“I’m hopeful that the decision the board makes tonight will bring everybody together, instead of dividing them even further,” Moses said.
Kirvin responded to Rudd’s comment about teachers’ wanting him to recuse himself.
“I’ve spent the last four-and-one-half years working very hard for this entire district, and way before that,” he said. “By the letter of the law, we technically could exclude (the K-12 school), and make it entirely the charter school. I’d like to include everybody. If the shoe was on the other foot, I would feel exactly the same way.
“I am on the school board of the Franklin County schools,” Kirvin said, taking exception to “the fact that somebody thinks because I was involved with helping start the charter school and my wife works there, that I would vote any way because of that.
“If you guys think I should recuse myself, I will,” he told his colleagues.
“That’s a decision that Mr. Kirvin has to make,” advised School Board Attorney Donna Duncan.
She said he would have to determine whether his involvement in the ABC school would cause him to have a vote that would be biased. “Each individual board member has to determine if they have a conflict,” Duncan said, noting that it’s usually nepotism, or the opportunity for monetary gain, that are factors in recusal.
“There’s not one that deals with this specific situation,” she said, noting that having a wife who is an administrator of a school is not generally considered nepotism.
School board members pondered postponing a decision until Thompson could attend, but Moses, and later Shelley Miedona, assistant principal at Franklin County, urged them to decide so as to give the eventual winner a chance to submit their application to the state by the Feb. 8 deadline.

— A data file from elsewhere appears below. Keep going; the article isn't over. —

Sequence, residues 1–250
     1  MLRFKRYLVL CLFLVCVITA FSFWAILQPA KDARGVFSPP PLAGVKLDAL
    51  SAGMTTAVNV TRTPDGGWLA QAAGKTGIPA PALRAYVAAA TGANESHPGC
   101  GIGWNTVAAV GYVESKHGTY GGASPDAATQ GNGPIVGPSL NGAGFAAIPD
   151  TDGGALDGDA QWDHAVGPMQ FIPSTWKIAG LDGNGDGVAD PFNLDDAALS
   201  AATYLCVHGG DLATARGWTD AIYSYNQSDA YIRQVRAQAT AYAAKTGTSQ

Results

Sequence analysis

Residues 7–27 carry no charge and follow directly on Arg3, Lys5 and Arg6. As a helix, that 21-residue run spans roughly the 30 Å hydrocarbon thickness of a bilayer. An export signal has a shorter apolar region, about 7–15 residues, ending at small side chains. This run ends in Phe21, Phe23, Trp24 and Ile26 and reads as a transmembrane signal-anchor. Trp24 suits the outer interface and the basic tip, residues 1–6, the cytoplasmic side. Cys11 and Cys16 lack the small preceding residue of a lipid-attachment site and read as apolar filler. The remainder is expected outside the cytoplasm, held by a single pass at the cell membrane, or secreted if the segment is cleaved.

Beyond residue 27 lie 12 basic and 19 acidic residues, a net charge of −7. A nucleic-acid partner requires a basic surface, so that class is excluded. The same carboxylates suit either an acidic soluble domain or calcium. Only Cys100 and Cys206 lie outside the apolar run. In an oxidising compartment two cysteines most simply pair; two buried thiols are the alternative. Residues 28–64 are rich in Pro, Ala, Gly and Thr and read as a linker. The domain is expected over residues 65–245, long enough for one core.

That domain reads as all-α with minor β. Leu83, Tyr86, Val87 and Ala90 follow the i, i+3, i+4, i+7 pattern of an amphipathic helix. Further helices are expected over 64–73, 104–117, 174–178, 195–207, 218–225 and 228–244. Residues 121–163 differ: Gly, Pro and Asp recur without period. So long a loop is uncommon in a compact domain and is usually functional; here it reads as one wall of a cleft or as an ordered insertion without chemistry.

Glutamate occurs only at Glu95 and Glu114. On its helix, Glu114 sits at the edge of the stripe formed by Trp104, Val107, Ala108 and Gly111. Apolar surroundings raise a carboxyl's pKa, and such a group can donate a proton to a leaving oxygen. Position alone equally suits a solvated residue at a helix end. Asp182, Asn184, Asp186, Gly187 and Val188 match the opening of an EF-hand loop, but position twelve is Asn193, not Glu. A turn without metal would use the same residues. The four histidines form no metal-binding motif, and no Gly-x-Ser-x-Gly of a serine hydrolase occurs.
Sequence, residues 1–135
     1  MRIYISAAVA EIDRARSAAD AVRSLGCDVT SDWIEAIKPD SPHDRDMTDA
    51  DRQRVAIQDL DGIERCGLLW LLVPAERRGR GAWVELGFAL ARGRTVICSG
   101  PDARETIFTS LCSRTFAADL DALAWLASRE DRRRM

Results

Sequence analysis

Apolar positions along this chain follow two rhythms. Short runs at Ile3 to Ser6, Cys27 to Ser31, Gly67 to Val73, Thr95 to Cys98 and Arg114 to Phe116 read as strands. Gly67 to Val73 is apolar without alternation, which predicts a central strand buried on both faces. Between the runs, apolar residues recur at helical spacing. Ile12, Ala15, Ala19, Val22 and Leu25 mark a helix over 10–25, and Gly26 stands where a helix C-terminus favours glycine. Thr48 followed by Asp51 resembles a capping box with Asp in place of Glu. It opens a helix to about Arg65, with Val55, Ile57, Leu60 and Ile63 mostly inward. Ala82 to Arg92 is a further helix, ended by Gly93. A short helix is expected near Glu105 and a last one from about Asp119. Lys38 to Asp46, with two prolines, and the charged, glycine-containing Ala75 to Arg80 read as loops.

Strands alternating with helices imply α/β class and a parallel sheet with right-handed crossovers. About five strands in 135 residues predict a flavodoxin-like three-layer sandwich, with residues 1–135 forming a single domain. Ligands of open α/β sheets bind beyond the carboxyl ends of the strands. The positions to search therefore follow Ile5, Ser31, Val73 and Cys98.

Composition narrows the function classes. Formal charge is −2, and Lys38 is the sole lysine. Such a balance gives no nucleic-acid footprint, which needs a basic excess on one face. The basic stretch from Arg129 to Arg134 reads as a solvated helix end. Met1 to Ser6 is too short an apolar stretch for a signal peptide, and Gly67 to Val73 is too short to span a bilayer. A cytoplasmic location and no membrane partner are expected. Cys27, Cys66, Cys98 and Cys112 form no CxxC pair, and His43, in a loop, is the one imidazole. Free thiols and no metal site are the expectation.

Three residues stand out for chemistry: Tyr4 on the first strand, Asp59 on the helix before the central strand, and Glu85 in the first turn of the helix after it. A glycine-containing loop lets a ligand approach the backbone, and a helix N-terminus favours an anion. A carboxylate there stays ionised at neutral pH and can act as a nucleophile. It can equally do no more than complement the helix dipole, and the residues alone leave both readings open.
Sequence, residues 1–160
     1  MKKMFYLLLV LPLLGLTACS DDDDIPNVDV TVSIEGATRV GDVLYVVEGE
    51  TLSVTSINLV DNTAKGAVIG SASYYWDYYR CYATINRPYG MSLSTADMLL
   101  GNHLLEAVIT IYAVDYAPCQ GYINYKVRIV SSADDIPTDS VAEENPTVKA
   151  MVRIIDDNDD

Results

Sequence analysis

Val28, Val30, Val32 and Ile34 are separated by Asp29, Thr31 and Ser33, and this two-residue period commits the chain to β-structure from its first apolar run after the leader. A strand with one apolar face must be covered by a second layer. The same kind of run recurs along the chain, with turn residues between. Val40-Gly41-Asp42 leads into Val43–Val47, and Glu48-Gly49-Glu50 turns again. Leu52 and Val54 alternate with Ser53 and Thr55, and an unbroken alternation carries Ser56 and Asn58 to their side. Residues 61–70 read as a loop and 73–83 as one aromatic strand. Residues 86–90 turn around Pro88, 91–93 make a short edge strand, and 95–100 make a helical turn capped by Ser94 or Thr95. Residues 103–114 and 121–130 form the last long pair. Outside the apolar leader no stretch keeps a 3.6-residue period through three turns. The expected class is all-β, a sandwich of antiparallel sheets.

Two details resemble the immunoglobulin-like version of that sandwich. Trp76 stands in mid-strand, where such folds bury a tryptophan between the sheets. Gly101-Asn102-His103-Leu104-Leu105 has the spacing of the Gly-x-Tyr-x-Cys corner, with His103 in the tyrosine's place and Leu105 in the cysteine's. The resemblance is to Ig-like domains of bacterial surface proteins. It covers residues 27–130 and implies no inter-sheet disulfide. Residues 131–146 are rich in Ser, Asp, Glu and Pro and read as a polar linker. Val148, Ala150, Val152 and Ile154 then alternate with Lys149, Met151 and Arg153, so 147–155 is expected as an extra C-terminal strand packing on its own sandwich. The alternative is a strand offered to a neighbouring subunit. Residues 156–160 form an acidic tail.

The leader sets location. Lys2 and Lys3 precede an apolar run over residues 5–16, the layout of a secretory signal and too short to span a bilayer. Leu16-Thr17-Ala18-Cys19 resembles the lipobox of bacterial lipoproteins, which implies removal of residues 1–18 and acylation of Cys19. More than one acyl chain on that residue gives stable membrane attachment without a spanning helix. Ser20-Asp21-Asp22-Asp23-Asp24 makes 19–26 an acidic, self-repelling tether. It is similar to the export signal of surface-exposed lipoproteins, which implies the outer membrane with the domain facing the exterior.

Whaley initially supported having two teacher of the year selections. “Why can’t they do the same thing we are and depending how the board rolls they would be included or not included?” he asked. “They could be recognized by their board.
“Have both schools pick their respective teachers of the year and move forward, and take the vote in January and make it happen,” he said.
But Moses said less than three weeks would not be sufficient time for the winners to prepare the necessary information by Feb. 8, including a video of their work in the classroom. “You’re limiting the quality and amount of time to submit all this,” she said.
“Some of these things don’t take that long to do,” said Whaley.
Miedona said that in her years working with the Department of Education, she had served on the committee that selects the Florida Teacher of the Year. “We should have been done by now,” she said. "It’s a very time-consuming process. I’ve sat on her outside and seen videos from smaller districts and thought ‘This is their teacher of the year?’
“I don’t want that for our county. Whatever we decide I want Franklin County to have the best submission,” she said. “Other teachers of the year have already been chosen and they’re putting on finishing touches over Christmas break.”
At the regular meeting, Moses urged the board to make a decision, and reiterated her position that all teachers should be included.
“I would hate to exclude any teacher in the county,” she said. “We are all Franklin County, all students are Franklin County students and we hope to keep them in Franklin County.”
Kirvin declined to recuse himself, and Moses noted that her sister teaches at ABC, and that others have family ties to county staff as well.
In his vote in favor, Whaley stressed that his vote was because he didn’t want to exclude any staff, including those at the alternative school and within the pre-K program.
“I know we have great teachers on both sides,” said Marshall, prior to her no note. “This is going to cause a bigger division than what we already have, and we do have a division.”
Kirvin urged a yes vote. “To me we look for opportunities to build up teachers and when you exclude an entire demographic of teachers because they’re in a different location, to me that’s ludicrous,” he said.
Following the vote, Marshall sounded a conciliatory note. “I don’t want division and I don’t think we have an equal playing field,” she said. “But I’m with you all. Let’s do it.”